About the only way I can read this bizarre statement from the prime minister is that in a trial, evidence submitted by the security services would be exposed to public scrutiny and found to be deficient. In other words: the evidence against them was gathered from the same sort of intelligence sources that gave us uraniumgate and the death of Doctor Kelly by way of fallout, the government is afraid that this would come out in court, and consequently the accused will not be allowed their day in court because the proceedings might embarrass Tony Blair.

The scandal over Iraqi weapons intelligence is already threatening to destabilize the British government. A single tragic death emerging from the mess was enough to monopolize the press over the weekend and visibly rattle the Prime Minister. I suspect that the Guantanemo prisoners may be the key to an even bigger scandal with the potential to bring down the current leadership.

[ Link (Guardian) ] [ Another Link (Telegraph) ] [ Discuss Camp X-ray trials ]

posted at: 10:35 | path: /wartime | permanent link to this entry

Fri, 18 Jul 2003

Written out

I guess I should have seen this coming.

The weather's broken but I'm still feeling totally unlike working. Got a novella to re-write but trying to get to grips with it is like re-heating last night's left over takeaway: unappetizing and greasy. Also got a different novella to collaborate on, but it's really hard to generate enthusiasm. As for the original story I'm trying to write, don't get me started. For about the first time in two years I am feeling written out -- spectacularly so. The only thing holding me at the keyboard is residual guilt in the face of the load of work that is ever so slowly piling up as a backlog.

Luckily, nothing (except the collaboration, and I've got someone else to keep prodding me over that) is urgent. I should be able to take a week -- even a month -- off without problems, as long as I get down to work again afterwards. But the fear, what if I can't re-start when I come back to it, keeps nagging at me, keeping me sitting in front of the keyboard for an unproductive day of worrying when I ought to be relaxing, taking some time off to get my shit together. I have a secret curse: the ancient Jewish work ethic rides me like a goddamn vampire, sucking the pleasure out of lazing around.

Be it resolved: tomorrow I am going to go out and enjoy myself and go to a party in the evening and not write a word. Life's too short for self-inflicted guilt trips, and worrying that I won't be able to edit my way through the second draft of a novella if I take a week off once in a blue moon is, let's face it, bloody stupid.

[ Discuss writing ]

posted at: 21:57 | path: /writing | permanent link to this entry

Wed, 16 Jul 2003

The heat, the heat

Gosh, it must be almost 25 degrees outside. Far too hot to write! Or do much of anything except lie in the shade, panting. I moved to Scotland because the English summers were too hot for me -- maybe I'm going to have to try Antarctica next.

(Meanwhile the work is mounting up, with edits to a big fat novella and a novel, translator's questions on another novel, two collaborations to write and a story that wants out, if only the weather would bloody cool down enough that I could think. Which brings me to that quintessentially British discussion forum ...)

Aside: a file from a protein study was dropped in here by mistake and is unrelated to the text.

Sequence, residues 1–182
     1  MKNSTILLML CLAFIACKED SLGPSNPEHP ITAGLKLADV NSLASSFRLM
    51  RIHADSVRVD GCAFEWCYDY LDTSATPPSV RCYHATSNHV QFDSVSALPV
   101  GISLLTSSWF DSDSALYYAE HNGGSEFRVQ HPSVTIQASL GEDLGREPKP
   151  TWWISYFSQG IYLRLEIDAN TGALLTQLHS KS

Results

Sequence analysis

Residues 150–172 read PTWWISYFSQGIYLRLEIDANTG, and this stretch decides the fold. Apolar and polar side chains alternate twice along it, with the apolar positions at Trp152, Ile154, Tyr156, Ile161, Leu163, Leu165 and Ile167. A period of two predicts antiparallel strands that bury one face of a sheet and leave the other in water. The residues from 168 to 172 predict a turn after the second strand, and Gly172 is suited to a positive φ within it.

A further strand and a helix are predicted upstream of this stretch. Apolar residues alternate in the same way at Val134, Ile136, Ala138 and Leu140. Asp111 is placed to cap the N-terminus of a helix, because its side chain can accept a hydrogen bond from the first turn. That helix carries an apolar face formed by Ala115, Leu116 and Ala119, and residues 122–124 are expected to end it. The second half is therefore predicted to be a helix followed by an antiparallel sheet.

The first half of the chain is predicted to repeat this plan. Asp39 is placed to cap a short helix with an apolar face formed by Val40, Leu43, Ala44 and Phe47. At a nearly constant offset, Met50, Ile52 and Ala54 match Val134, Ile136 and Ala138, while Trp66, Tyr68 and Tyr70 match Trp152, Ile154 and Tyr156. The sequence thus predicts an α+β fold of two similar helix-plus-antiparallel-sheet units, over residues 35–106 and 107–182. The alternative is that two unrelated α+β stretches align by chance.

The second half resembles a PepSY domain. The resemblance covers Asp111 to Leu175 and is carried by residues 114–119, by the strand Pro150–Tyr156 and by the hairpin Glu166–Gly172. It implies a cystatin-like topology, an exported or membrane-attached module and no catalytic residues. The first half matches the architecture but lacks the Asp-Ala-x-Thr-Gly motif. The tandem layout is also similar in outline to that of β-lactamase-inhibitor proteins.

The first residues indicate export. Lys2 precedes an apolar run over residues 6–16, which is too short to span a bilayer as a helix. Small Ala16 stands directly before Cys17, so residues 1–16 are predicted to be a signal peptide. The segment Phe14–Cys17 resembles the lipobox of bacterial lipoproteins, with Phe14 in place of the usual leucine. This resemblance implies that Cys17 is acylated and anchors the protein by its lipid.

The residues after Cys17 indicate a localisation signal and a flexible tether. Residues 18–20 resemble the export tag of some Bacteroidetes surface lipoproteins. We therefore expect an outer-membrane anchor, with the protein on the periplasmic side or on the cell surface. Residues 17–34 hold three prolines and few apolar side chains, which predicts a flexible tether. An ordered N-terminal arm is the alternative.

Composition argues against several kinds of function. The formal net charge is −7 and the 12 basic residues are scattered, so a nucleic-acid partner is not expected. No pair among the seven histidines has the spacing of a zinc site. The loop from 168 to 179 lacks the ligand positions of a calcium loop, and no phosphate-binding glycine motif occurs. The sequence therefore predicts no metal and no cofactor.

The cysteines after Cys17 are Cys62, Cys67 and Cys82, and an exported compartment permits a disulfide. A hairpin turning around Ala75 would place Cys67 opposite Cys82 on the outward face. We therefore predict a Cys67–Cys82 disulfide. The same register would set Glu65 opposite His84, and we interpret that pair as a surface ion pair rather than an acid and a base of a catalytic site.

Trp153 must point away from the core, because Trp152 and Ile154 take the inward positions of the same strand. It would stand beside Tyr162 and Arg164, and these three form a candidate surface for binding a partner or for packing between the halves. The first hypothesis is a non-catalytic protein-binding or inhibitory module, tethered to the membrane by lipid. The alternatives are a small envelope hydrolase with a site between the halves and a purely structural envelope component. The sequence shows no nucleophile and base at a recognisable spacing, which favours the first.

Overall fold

[ Discuss The Weather ]

posted at: 19:11 | path: /writing | permanent link to this entry

Sun, 13 Jul 2003

Some Words from our Sponsors

"But, after all, it is the leaders of the country who determine the policy and it is always a simple matter to drag the people along, whether it is a democracy or a fascist dictatorship or a parliament or a communist dictatorship ... That is easy. All you have to do is tell them they are being attacked and denounce the pacifists for lack of patriotism and exposing the country to danger. It works the same way in any country."

-- Nazi Reichsmarshall Herman Goering

"We have nothing to fear but fear itself"

-- Franklin D. Roosevelt

Seems to me that it's way past time we tried to identify who is trying to make us afraid -- and how they stand to benefit.

[ Discuss Fear ]

posted at: 13:14 | path: /wartime | permanent link to this entry

Fri, 11 Jul 2003

In print

Got home half an hour ago to be welcomed by a fat envelope containing three hardcover copies of Singularity Sky. This is the culmination of endless hours (days, weeks, months ...) of work, a project I started in 1996 and which at times looked as if it would never get anywhere. My first novel, in hardcover, from a major publisher. Never mind the serialisation of another novel in a relatively obscure magazine, or the poorly produced short story collection from a small publishing house: this is the real thing. Wow.

I suppose at this point I ought to come out with some kind of platitude about it making the effort seem worthwhile, but I can't do that. The appearance of a book is mundane in the extreme ... what makes it feel so odd is the memories attached to the process of writing it and the work that came after along the weary road to getting it into print.